The inquiry found the following about everyday life in a laundry:
- It reported, a harsh and physically demanding environment with a cold atmosphere and a rigid uncompromising work and prayer regime.
- Both verbal and psychological abuse was common.
- It was rare for a woman to have her head shaved as punishment but they had their hair cut back short in a bob.
More than 100 women were spoken to by the inquiry committee, more than half of whom are in nursing homes.
Justice Minister Alan Shatter said he regretted that the laundries were not investigated until 2011.
The majority of women forced into Magdalene laundries were there for minor offences such as theft and not paying for a train ticket.
A small number of women were there for prostitution - despite the stigma attached to those who were sent to the laundries and became known as Maggies, a slang term for prostitute.
The report also confirmed that a garda could arrest a girl or a woman without warrant if she was being recalled to the laundry or if she had run away.
The inquiry into Magdalene laundries found the following statistics:
- Around 50% of the girls and women put to work were under the age of 23.
- 40% - more than 4,000 - spent more than a year incarcerated.
- Some 15% spent more than five years while the average stay has been calculated at seven months.
- The youngest death on record was 15 and the oldest 95.
- Some of the women were sent to laundries more than once - records show a total of 14,607 admissions, and a total of 8,025 known reasons for being sent to a laundry.
The statistics outlined in the report are based on records of only eight of the 10 laundries with the Sisters of Mercy operated Dun Laoghaire and Galway missing from the records.
Survivors of Magdalene laundries have rejected Taoiseach Enda Kenny's apology and demanded a fuller admission from the government and the religious orders involved.
Another survivor Mary Smyth said she endured inhumane conditions in a laundry, which she said was worse than being in prison
The Justice for Magdalenes group said it was aware of at least 988 women who are buried in laundry plots in cemeteries across Ireland and therefore must have stayed for life, however, the inquiry could only certify 879.
The last laundry, Sean MacDermott Street in Dublin's north inner city, closed in 1996.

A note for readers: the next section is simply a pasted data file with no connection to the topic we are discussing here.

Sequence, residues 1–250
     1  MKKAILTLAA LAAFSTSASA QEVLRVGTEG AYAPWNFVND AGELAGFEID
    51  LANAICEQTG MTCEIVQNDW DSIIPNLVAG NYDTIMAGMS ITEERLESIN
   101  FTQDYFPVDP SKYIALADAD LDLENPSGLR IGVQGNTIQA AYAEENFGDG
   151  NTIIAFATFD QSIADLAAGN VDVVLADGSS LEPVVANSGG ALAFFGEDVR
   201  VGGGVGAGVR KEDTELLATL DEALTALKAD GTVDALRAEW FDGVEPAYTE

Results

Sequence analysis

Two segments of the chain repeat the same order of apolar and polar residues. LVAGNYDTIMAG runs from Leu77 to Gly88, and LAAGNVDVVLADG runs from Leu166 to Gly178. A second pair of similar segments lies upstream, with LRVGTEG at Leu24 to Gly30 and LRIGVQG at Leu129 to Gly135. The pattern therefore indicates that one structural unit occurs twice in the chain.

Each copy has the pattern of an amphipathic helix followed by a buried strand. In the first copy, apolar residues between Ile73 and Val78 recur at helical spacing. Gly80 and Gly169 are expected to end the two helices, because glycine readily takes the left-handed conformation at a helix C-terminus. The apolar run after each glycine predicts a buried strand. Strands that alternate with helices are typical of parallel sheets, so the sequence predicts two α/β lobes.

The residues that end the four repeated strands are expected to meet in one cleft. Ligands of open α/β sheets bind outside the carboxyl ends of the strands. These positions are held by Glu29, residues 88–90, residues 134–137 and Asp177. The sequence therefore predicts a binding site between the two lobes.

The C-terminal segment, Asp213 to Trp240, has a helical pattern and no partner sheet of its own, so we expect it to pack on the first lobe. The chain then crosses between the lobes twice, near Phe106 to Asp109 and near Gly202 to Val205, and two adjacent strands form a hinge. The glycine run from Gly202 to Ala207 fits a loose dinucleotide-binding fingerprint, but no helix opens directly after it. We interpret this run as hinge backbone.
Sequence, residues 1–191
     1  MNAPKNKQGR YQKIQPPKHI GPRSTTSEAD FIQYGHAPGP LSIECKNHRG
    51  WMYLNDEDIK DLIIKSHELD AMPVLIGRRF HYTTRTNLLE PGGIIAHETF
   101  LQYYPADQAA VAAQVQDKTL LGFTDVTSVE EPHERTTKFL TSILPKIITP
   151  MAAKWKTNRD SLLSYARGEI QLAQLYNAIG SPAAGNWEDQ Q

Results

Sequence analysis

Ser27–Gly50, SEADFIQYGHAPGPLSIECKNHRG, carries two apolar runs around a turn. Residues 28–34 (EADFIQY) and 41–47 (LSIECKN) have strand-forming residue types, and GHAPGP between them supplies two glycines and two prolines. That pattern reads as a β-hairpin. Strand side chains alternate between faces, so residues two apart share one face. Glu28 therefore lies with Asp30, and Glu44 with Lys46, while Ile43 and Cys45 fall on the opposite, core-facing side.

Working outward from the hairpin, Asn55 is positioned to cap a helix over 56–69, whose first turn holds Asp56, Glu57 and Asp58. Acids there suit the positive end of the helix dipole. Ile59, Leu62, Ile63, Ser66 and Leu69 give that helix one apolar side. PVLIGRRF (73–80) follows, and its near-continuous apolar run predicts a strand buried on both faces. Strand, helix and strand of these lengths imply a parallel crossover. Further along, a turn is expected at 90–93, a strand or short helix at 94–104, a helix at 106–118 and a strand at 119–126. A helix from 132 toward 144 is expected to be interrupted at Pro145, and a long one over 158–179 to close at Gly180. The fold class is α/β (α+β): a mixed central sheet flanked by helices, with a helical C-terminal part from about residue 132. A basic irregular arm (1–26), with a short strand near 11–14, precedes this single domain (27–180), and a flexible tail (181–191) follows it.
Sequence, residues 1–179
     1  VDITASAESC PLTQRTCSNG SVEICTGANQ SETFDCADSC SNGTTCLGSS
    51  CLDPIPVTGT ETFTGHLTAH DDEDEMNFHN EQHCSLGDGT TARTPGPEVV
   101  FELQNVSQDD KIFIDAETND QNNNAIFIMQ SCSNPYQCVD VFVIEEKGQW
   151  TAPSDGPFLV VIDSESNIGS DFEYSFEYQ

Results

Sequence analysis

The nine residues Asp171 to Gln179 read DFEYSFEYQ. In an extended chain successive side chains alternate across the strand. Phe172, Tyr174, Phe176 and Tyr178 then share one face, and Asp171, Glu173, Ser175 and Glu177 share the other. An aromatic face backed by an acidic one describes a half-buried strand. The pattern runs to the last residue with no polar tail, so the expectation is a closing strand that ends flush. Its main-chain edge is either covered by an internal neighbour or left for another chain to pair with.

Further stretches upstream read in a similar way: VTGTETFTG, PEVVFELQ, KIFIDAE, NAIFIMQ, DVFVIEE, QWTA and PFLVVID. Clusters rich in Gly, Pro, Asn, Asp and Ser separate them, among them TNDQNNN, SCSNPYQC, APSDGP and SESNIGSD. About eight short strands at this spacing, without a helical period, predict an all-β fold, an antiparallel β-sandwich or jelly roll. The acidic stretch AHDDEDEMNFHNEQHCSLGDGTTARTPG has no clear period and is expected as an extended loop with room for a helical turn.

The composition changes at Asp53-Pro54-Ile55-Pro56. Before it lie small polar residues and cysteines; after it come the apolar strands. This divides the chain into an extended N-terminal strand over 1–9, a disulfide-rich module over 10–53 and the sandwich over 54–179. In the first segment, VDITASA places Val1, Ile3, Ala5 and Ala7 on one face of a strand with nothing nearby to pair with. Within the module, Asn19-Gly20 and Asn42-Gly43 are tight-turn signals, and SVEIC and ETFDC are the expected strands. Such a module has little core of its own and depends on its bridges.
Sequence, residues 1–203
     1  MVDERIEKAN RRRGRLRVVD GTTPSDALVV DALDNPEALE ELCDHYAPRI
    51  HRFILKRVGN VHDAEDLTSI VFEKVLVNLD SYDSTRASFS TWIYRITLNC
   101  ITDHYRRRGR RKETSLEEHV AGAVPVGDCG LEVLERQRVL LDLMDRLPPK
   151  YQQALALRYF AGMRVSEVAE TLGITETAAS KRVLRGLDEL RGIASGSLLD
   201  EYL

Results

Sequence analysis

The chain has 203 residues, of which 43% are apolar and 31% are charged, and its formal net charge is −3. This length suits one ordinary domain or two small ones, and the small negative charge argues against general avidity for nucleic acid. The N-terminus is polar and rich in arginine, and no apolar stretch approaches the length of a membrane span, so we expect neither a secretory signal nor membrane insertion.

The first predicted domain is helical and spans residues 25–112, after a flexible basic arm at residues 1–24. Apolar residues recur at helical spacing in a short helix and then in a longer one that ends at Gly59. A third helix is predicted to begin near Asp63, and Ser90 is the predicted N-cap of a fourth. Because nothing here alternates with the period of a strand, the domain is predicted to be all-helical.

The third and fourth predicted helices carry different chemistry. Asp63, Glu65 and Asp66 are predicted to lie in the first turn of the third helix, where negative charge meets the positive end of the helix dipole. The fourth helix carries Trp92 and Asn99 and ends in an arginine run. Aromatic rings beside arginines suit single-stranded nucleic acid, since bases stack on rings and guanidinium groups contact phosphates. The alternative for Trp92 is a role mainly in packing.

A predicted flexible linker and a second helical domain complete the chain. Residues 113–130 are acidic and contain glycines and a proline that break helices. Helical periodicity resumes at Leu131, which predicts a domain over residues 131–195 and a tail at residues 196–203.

He said: "That the stigma, that the branding together of the residents, all 10,000 needs to be removed and should have been removed long before this and I'm really sorry that that never happened, and I regret that never happened.
"I'm sorry that this release of pressure and understanding of so many of those women was not done before this, because they were branded as being the fallen women, as they were referred to in this state."
An 18 month inquiry into Magdalene laundries chaired by Senator Martin McAleese has identified five areas where there was direct state involvement in the detention of women in 10 laundries run by nuns.
- They were detained by courts, gardai, transferred by industrial or reform schools, rejected by foster families, orphaned, abused children, mentally or physically disabled, homeless teenagers or simply poor.
- Inspectors, known as "the suits" by the women, routinely checked conditions complied with rules for factories.
- Government paid welfare to certain women in laundries, along with payments for services.
- Women were also enabled to leave laundries if they moved to other state-run institutions such as psychiatric hospitals, county and city homes and in the company of police, probation, court or prison officers.
- The state also had a role in registering the death of a woman in a laundry.
An inquiry found that 2,124 of the 10,012 women who were detained in Catholic-run workhouses known as Magdalene laundries were sent by the authorities.
Taoiseach Enda Kenny expressed his sympathies with survivors and the families of those who have died.